By Nathan Edwards
Information and communication technology (ICT) first made an impact on the life of Fernando Botelho when he was in his late teens. Then, Botelho was a recent high school graduate suffering from increasingly impaired vision. Now, he is the founder of F123, a non-government organization developing low-cost open-source assistive technology for the blind.
“In high school I was ranked 11th in a class of 43,” Botelho recalls. When he entered college he was given access to assistive technology and it instantly impacted his success, “instead of 11th I was fourth, and instead of a class of 43 it was a freshman class of 904.” The qualitative impact that the right technology can have on someone’s education and life left a lasting impression on Botehlo, “same person, same brain, same level of education, but suddenly you are in the top percent”.
Although Botelho was granted the assistance of ICT’s in education, he does not represent the majority of disabled people. Eighty percent of people with disabilities around the world live in developing countries and even in wealthy economies such as the U.S., many cannot afford the software.
While working for the United Nations Agency in Switzerland, Botelho realized he wanted to take what had created opportunities in his life and make it more financially accessible to others. He addressed the issue of cost by developing an open-source version of this technology.
His organization, F123, has created a software that can be customized to any computer. “We identify free and open-source technologies that are effective and we adapt them for use by the blind in the context of school and work,” explained Botelho. The system includes common software applications, an electronic reader and screen magnifier, educational materials for teachers, and training instructions all costing 2 to 5 percent of the price of a standard e-reader.
Open-source software is technology produced and distributed including its source code. The source code acts as a recipe for the product allowing any person or entity to understand how the software operates and make improvements to it. According to Botelho, “there are clearly monopolistic practices going on in the software world,” and rather than build his product on top of a monopoly, he wants it to be freely accessed.
F123 has had great success in producing a low-cost, trilingual software used by people all over the world.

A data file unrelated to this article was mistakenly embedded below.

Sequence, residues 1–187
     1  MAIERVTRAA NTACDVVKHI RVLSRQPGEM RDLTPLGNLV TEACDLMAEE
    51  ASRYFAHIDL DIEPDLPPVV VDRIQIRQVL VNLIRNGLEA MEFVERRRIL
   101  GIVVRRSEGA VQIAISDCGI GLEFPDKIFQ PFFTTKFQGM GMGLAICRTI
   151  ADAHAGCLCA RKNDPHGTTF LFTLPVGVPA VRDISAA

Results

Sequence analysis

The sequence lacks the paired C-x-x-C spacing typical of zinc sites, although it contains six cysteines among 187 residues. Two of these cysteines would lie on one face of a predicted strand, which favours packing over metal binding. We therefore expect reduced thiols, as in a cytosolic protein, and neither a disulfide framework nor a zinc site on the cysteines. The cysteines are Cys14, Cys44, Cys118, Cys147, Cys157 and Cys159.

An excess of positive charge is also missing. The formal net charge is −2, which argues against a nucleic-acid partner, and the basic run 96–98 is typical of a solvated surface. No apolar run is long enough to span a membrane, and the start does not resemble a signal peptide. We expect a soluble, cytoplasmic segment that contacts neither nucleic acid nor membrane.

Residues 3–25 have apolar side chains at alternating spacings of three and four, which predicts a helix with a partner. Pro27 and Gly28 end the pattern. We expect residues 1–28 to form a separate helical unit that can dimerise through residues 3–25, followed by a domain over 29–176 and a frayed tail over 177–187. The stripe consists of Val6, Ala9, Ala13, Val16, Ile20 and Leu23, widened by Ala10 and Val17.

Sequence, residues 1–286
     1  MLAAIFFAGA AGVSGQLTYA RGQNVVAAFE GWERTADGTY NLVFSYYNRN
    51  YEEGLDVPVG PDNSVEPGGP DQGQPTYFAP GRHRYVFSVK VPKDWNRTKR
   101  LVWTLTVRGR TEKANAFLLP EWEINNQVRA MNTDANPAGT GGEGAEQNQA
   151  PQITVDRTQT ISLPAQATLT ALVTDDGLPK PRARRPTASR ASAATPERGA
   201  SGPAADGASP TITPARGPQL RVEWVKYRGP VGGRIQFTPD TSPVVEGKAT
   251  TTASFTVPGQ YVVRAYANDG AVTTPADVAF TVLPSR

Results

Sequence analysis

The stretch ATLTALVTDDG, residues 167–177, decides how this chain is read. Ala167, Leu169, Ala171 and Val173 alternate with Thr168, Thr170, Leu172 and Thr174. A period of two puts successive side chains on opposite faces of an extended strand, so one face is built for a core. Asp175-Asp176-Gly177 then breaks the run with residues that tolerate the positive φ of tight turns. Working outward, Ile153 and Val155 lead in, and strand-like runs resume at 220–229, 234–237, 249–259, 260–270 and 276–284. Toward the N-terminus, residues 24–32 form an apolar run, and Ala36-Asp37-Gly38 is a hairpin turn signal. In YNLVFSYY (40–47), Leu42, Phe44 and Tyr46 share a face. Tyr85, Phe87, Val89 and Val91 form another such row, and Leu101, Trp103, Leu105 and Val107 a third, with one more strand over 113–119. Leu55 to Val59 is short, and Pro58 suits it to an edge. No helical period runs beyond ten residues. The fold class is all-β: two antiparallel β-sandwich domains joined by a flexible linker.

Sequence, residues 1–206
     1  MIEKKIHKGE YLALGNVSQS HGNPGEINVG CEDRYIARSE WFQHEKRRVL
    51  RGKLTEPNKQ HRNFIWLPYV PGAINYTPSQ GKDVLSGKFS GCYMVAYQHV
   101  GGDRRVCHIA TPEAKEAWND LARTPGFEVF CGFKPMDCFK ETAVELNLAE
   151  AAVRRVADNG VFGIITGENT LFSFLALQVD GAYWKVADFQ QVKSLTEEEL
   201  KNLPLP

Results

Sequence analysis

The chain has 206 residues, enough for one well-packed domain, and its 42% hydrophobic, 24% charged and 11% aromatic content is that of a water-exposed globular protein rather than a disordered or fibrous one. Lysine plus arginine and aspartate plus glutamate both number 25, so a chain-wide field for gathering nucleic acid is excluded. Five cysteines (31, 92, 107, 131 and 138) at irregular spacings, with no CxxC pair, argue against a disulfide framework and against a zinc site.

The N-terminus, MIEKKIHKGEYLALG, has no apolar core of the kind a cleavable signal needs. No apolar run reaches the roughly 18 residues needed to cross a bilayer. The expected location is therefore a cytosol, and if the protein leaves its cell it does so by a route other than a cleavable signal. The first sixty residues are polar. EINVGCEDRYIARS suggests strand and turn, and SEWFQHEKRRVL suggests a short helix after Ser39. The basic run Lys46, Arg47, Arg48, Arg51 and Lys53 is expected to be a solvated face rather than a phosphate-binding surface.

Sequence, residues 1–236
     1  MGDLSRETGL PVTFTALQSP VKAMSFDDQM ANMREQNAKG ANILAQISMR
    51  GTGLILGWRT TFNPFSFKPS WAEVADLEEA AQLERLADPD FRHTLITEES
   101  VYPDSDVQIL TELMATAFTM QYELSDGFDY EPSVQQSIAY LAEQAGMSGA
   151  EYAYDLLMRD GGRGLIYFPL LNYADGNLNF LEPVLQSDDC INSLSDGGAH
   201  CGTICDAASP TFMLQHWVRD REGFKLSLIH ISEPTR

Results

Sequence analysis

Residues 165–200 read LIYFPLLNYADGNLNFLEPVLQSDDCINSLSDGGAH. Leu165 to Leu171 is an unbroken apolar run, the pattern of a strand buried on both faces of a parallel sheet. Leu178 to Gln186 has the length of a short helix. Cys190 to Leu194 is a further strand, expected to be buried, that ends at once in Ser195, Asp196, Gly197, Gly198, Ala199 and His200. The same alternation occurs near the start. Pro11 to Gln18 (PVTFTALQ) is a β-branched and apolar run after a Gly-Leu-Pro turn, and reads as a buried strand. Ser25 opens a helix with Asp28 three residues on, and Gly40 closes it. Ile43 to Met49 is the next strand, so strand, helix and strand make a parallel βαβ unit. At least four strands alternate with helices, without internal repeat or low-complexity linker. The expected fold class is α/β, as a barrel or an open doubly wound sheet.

However, the question remains: To what extent can ICT’s like F123 help create equal opportunities in education?
“Just technology on its own does not really level the playing field, but it is a very large piece of the puzzle,” Botelho said. “Education does not need products; education needs strategy.” The products are just part of the strategy; “the rest of it is training for teachers and material that insures that the products and services are available to everyone.”
Fernando Botelho has found a way to implement ICT’s in education for disabled persons, however they can be also be utilized in other areas of education.
For any innovative use of ICT to succeed, “it has to fit in the social context of where it is going to be used,” Botelho stated, “using it should not be a burden neither financially, culturally, nor technically.” He believes the most common error with ICT initiatives is that people get too caught up in the hardware and software and don’t understand how to implement the product.
F123 is headquartered in the developing nation of Brazil, a nation where ICT’s are becoming increasingly popular in non-formal education. International non-government organization, Ashoka has partnered with the Institituto Embratel Claro to learn more about how ICT’s can help bridge gaps in education caused by physical, social, or geographic barriers. These two organizations have initiated a challenge called, Tecnologia é Ponte.
If you are interested in joining a dialog about the inclusion of ICT’s or learning more about the competition you can visit the Ashoka Changemakers’ website.
Nathan Edwards is a sophomore Sociology and Anthropology major with a concentration in cross-cultural studies at Carleton College in Northfield, MN. This summer, he is working as an intern with the international non-government organization, Ashoka, in its São Paulo, Brazil office while conducting anthropological research on the NGO sector. Nathan is interested in cross-cultural journalism and community development, specifically, in developing countries. He would like to pursue a career where he studies the varying communities, cultures and social dynamics within a nation and then illuminates the diverse perspectives.